Please use this identifier to cite or link to this item: https://hdl.handle.net/10356/104167
Title: Crystal structure of the acyltransferase domain of the iterative polyketide synthase in enediyne biosynthesis
Authors: Liew, Chong Wai
Nilsson, Martina
Chen, Ming Wei
Sun, Huihua
Cornvik, Tobias Carl
Liang, Zhao-Xun
Lescar, Julien
Keywords: DRNTU::Science::Biological sciences
Issue Date: 2012
Source: Liew, C. W., Nilsson, M., Chen, M. W., Sun, H., Cornvik, T. C., Liang, Z.-X. et al. (2012). Crystal structure of the acyltransferase domain of the iterative polyketide synthase in enediyne biosynthesis. The journal of biological chemistry, 287, 23203-23215.
Series/Report no.: The journal of biological chemistry
Abstract: Biosynthesis of the enediyne natural product dynemicin in Micromonospora chersina is initiated by DynE8, a highly reducing iterative type I polyketide synthase that assembles polyketide intermediates from the acetate units derived solely from malonyl-CoA. To understand the substrate specificity and the evolutionary relationship between the acyltransferase (AT) domains of DynE8, fatty acid synthase, and modular polyketide synthases, we overexpressed a 44-kDa fragment of DynE8 (hereafter named ATDYN10) encompassing its entire AT domain and the adjacent linker domain. The crystal structure at 1.4 Å resolution unveils a α/β hydrolase and a ferredoxin-like subdomain with the Ser-His catalytic dyad located in the cleft between the two subdomains. The linker domain also adopts a α/β fold abutting the AT catalytic domain. Co-crystallization with malonyl-CoA yielded a malonyl-enzyme covalent complex that most likely represents the acyl-enzyme intermediate. The structure explains the preference for malonyl-CoA with a conserved arginine orienting the carboxylate group of malonate and several nonpolar residues that preclude α-alkyl malonyl-CoA binding. Co-crystallization with acetyl-CoA revealed two noncovalently bound acetates generated by the enzymatic hydrolysis of acetyl-CoA that acts as an inhibitor for DynE8. This suggests that the AT domain can upload the acyl groups from either malonyl-CoA or acetyl-CoA onto the catalytic Ser651 residue. However, although the malonyl group can be transferred to the acyl carrier protein domain, transfer of the acetyl group to the acyl carrier protein domain is suppressed. Local structural differences may account for the different stability of the acyl-enzyme intermediates.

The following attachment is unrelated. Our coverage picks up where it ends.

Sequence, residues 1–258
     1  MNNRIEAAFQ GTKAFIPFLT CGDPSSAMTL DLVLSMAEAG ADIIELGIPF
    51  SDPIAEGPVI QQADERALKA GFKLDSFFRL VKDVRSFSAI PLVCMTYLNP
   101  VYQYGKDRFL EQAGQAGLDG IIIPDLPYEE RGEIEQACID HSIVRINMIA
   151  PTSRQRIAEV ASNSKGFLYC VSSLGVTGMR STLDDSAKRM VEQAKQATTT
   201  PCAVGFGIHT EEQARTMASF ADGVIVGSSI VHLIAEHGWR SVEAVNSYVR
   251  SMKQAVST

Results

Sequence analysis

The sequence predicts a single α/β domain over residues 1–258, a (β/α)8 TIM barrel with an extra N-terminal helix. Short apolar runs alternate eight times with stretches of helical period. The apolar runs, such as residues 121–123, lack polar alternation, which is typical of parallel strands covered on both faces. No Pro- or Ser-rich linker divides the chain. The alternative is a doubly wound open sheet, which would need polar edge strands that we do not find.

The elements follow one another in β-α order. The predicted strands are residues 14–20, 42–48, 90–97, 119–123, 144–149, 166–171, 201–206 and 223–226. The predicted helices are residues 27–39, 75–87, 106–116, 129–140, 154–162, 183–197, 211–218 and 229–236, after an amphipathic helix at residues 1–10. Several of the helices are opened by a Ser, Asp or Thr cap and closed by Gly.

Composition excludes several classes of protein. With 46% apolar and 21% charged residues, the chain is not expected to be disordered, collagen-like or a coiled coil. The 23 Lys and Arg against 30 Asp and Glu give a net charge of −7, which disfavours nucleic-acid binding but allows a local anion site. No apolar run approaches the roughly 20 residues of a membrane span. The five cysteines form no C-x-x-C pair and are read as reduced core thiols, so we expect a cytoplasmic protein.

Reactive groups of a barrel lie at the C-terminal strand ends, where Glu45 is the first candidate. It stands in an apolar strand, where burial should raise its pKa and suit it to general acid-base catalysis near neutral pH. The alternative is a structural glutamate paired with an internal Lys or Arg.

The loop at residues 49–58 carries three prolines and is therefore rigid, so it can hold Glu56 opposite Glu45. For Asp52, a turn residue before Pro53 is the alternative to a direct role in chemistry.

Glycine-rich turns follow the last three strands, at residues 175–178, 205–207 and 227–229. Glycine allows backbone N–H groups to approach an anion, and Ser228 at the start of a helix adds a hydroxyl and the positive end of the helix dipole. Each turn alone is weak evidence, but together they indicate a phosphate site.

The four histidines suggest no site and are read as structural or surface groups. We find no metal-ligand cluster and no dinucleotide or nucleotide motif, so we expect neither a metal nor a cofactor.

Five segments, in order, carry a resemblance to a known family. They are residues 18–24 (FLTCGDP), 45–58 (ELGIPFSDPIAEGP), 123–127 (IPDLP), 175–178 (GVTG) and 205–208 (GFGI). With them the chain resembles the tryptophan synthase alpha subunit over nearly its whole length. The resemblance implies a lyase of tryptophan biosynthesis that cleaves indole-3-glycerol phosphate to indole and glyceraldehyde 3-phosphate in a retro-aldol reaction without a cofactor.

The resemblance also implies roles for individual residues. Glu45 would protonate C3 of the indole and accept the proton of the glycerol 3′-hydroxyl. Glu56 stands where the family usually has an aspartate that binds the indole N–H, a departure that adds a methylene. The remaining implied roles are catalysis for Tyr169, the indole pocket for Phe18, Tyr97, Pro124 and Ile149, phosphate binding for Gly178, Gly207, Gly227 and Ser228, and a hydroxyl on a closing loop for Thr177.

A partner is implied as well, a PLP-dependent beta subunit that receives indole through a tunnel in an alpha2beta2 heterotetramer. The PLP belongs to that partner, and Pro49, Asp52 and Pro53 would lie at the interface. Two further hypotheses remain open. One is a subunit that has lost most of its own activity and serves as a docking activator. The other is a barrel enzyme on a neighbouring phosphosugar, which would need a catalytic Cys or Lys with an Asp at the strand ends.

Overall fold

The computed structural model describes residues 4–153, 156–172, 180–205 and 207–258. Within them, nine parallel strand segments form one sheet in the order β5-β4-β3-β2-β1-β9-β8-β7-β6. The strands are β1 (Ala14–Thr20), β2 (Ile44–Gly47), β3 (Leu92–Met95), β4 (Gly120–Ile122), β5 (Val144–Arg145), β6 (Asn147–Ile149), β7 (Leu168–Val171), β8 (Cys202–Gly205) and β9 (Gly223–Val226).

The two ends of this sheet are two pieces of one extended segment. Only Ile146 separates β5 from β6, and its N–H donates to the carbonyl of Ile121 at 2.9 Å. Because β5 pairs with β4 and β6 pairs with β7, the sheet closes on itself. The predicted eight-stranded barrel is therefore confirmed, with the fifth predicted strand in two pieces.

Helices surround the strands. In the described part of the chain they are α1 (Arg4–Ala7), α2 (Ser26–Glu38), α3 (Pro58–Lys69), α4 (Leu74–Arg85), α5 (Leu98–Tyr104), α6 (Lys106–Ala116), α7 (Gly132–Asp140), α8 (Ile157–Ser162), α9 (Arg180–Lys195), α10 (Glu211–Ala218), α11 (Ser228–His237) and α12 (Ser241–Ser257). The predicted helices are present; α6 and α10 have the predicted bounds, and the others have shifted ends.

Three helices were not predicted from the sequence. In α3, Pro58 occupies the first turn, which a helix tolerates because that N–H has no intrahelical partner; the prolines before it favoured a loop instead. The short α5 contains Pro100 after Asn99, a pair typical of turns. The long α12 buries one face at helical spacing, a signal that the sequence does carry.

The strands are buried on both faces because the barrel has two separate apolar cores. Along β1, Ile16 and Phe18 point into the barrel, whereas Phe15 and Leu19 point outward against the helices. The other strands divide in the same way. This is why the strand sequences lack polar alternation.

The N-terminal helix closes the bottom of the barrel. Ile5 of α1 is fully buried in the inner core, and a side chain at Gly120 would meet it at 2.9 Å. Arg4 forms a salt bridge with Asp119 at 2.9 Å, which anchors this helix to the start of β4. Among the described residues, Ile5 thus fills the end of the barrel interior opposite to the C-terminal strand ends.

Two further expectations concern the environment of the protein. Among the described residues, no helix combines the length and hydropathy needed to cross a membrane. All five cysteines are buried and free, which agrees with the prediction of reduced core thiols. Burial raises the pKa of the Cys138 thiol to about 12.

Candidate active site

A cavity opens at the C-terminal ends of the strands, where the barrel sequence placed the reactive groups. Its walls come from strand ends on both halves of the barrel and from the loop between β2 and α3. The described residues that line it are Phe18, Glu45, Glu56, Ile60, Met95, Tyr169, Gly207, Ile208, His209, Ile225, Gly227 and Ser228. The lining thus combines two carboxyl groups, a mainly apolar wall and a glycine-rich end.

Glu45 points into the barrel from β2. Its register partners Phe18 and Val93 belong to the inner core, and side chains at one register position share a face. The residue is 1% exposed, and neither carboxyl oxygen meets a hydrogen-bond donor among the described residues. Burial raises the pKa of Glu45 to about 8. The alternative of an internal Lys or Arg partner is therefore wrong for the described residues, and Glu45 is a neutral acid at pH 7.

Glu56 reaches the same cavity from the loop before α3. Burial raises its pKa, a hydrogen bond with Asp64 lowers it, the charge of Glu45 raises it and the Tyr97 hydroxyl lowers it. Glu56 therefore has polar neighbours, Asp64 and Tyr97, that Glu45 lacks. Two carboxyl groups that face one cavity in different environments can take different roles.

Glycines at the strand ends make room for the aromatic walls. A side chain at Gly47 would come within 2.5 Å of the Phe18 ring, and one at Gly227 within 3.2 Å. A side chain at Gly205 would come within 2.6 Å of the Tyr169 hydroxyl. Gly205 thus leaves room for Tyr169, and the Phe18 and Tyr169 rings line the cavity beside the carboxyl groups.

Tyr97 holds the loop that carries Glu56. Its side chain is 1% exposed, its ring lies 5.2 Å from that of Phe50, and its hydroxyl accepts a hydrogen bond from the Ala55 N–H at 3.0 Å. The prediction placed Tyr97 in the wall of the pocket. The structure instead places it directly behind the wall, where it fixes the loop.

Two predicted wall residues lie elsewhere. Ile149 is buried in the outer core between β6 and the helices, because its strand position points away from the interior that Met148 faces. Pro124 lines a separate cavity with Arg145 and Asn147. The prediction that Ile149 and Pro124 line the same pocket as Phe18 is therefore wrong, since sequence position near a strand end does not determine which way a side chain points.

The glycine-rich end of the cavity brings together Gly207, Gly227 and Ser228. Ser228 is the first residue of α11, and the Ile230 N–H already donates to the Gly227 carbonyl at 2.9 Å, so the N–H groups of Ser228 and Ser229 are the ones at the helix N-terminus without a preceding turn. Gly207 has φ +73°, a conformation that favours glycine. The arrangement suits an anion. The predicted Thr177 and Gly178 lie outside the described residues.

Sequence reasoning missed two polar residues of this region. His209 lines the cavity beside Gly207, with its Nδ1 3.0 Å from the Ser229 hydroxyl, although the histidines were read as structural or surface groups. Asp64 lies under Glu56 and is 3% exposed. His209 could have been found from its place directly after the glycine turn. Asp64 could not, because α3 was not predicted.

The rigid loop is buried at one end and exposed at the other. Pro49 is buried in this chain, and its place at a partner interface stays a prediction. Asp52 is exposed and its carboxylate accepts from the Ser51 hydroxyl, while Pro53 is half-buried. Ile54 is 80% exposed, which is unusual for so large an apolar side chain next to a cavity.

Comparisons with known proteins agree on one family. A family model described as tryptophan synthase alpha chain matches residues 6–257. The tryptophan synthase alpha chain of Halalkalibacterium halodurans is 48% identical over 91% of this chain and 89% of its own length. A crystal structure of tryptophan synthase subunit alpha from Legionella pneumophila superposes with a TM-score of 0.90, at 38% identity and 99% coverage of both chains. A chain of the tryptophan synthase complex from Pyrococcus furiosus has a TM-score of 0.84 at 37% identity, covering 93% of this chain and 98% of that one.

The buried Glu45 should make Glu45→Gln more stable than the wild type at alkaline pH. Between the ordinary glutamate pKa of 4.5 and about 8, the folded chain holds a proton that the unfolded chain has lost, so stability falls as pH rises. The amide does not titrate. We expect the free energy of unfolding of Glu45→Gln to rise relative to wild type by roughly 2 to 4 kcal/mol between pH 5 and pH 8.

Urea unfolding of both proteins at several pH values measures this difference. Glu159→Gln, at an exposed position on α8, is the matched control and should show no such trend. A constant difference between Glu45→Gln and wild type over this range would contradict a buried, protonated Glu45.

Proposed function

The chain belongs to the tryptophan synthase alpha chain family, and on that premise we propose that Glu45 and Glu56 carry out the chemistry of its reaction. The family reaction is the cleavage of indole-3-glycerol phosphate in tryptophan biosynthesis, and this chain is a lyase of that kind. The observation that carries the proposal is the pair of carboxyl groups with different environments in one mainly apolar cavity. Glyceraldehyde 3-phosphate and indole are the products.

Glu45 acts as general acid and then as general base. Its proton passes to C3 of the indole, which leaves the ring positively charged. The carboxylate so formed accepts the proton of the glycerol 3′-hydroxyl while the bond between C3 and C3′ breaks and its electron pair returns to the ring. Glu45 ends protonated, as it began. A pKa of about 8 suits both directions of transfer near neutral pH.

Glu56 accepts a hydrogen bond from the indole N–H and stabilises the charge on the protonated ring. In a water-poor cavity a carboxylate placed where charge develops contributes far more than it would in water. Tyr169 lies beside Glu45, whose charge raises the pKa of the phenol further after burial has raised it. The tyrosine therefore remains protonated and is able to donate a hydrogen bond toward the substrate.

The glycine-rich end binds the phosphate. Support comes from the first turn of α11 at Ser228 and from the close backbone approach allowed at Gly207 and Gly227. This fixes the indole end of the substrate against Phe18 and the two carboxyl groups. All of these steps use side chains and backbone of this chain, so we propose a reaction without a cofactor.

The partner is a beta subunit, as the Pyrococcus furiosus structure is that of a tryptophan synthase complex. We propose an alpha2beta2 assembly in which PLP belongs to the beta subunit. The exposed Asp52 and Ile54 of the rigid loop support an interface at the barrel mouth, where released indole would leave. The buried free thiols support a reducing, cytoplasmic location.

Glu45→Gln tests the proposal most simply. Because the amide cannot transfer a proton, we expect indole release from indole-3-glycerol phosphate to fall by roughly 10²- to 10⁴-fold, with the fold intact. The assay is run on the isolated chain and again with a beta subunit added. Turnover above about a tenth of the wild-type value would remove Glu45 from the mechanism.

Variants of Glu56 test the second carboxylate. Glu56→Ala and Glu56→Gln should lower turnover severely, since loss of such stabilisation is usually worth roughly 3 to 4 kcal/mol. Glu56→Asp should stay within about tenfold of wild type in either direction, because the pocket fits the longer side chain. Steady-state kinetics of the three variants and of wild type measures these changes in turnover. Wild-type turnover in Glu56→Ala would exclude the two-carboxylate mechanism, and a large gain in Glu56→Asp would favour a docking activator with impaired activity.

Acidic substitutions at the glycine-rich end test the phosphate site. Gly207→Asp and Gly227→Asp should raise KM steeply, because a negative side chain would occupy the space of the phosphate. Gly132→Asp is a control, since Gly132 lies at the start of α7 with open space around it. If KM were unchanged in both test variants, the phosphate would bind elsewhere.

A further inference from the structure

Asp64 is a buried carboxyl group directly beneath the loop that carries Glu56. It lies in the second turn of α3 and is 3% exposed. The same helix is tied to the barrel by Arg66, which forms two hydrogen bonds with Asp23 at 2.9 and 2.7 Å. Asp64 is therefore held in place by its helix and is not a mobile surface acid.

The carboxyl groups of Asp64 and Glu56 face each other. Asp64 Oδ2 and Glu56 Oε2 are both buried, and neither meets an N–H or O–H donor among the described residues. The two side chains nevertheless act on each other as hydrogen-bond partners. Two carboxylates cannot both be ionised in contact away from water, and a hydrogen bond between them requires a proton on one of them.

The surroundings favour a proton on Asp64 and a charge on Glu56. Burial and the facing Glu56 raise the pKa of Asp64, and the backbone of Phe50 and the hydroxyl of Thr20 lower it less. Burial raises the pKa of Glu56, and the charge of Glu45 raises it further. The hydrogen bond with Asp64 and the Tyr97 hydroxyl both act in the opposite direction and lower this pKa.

URI: https://hdl.handle.net/10356/104167
http://hdl.handle.net/10220/16984
DOI: 10.1074/jbc.M112.362210
Fulltext Permission: none
Fulltext Availability: No Fulltext
Appears in Collections:SBS Journal Articles

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